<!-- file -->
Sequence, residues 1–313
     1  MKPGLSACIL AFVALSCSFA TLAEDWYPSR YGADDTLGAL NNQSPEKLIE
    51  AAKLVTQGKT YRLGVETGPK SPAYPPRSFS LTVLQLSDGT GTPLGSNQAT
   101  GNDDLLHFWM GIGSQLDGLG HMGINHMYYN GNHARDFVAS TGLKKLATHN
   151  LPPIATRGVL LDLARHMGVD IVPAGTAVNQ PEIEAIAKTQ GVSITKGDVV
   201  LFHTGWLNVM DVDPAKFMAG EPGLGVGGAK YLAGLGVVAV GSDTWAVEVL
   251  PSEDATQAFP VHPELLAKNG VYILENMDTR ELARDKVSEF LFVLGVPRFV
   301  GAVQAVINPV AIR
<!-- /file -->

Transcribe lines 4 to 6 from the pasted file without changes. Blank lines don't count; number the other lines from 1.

   101  GNDDLLHFWM GIGSQLDGLG HMGINHMYYN GNHARDFVAS TGLKKLATHN
   151  LPPIATRGVL LDLARHMGVD IVPAGTAVNQ PEIEAIAKTQ GVSITKGDVV
   201  LFHTGWLNVM DVDPAKFMAG EPGLGVGGAK YLAGLGVVAV GSDTWAVEVL